I will share with you what the team did. They looked out for some advice from round the corner. The team worked on several simultaneous weekends, back to back. They attended a crash training program from the client itself and were able to deliver the product extension from scratch. Do you know whose advice ultimately worked out? It was of a team of 4 shadow interns who were with the team just to get some hands-on experience on the tool, the team was known to be an expert of.

Cut to point, the main narrative remains that it doesn’t matter whose advice we follow. If the idea being shared is attainable and implementable, just go for it. It may be from someone very experienced in handling the projects or someone with just the theory basics; in this case the college interns. Though the counsel came from college students, the most remarkable aspect of it was that it dealt holistically with the entire issue- right from the way to approach it to develop Key Performance Indicators out of it.  Counsel format of advice has its own advantages, through detailed subject analyses and exploration of the reasons associated to certain problems. It can be over a single point of issue, say hiring recruits to a project team, and carving out a whole solution set of do-able actions; or it may be as big as a project implementation. That said, with the guidance and insight received from the third party, viewing the entire episode objectively, advice seems fruitful, enabling the person to take decisions confidently.

  • COACHING & MENTORING: To begin with, this next type of advice, let me tell you the difference between the two. A coaching program is a session base, short term program which is good for specific skill development and performance improvement. On the other hand, mentoring is a long-term perspective based program typically based on developing informal relationship & connect amidst a formal setting. This category of advice may cover the broad tenets of peer to peer discourse or can even be a senior to junior discussion.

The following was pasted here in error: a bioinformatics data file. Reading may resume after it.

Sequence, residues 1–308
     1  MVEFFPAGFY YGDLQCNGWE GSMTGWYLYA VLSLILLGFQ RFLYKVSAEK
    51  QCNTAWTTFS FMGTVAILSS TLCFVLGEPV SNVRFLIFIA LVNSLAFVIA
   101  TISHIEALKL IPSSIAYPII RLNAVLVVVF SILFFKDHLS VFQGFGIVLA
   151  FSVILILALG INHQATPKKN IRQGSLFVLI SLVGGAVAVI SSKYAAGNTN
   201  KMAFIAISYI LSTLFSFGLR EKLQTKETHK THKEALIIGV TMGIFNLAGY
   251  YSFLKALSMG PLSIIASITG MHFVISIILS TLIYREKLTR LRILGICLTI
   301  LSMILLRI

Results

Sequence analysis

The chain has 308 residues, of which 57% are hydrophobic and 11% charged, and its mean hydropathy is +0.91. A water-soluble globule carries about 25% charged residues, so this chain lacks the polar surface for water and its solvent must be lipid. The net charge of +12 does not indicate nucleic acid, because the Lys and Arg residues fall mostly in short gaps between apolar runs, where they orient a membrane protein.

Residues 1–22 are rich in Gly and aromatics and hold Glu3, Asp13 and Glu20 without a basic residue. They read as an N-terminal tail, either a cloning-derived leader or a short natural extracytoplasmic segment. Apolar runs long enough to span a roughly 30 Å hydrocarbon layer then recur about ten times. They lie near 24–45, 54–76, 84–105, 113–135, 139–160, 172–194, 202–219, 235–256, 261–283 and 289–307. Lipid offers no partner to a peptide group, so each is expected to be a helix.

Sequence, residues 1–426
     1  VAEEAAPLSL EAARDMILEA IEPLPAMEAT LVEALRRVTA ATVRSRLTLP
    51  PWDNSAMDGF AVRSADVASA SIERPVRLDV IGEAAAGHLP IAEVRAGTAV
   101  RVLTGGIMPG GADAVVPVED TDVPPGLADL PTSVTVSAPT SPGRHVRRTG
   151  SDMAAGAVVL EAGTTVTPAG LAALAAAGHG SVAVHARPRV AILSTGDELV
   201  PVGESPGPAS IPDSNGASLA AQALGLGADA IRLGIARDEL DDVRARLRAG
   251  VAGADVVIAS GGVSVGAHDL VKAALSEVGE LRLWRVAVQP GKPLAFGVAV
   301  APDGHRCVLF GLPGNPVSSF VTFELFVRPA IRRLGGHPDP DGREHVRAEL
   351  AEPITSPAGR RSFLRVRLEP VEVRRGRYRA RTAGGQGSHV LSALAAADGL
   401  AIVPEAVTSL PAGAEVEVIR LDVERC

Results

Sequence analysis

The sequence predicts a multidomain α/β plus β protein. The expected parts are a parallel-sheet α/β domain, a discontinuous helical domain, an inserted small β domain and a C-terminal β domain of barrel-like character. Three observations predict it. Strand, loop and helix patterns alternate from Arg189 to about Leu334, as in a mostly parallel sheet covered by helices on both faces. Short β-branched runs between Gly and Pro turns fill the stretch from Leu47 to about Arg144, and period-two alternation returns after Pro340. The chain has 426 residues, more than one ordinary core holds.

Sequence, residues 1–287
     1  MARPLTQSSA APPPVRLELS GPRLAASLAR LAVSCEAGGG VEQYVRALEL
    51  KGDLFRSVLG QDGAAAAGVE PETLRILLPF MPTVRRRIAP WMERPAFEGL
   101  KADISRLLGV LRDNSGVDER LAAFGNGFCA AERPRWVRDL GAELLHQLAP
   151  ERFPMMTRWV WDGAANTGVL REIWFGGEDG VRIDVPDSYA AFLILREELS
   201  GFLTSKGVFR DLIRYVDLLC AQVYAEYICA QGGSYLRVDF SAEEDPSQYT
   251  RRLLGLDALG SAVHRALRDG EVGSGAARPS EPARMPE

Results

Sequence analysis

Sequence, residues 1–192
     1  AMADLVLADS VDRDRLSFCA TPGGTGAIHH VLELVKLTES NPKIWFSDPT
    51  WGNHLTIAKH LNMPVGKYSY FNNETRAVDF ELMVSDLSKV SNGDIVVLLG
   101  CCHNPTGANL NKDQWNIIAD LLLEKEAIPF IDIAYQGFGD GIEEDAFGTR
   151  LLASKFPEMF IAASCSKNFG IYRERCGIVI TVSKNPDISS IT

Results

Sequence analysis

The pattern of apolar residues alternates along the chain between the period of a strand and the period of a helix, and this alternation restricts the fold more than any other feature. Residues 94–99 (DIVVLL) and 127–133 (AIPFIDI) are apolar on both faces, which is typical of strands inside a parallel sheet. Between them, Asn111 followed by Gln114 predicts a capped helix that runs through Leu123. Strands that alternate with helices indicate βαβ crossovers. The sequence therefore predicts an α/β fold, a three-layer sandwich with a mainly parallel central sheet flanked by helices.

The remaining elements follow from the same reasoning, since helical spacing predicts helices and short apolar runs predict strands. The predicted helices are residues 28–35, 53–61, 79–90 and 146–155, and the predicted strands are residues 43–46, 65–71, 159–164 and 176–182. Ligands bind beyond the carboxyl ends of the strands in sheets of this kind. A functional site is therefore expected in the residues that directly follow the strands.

Exemplifying from my professional experiences, at different points of time people approach their colleagues, mostly higher up the echelons, or their faculty/distinguished professors for seeking advices over issues which they deem as critical in their career development. At this time of crisis when an individual is in a duel between a constant stream of thoughts and hence unable to take an objective decision, approaching a person who has already treaded that path seems helpful in taking decisions based on need of hour.

Way Forward

In general, despite the fact that individuals commonly centre around the substance of guidance, it’s an error to consider guidance as a one-and-done exchange. It is in-fact an act of moulding and hand-holding, a community-oriented procedure towards readily getting issues defined with a solution and way forward. That said, while seeking for a bit of advice, keep your goals, desired outcomes and your alternatives handy and align the action points originating from the received advice with them. This will not only serve helpful in taking effective decisions but also efficiently build your decision making ability.

The author is an MBA student from the Great Lakes Institute of Management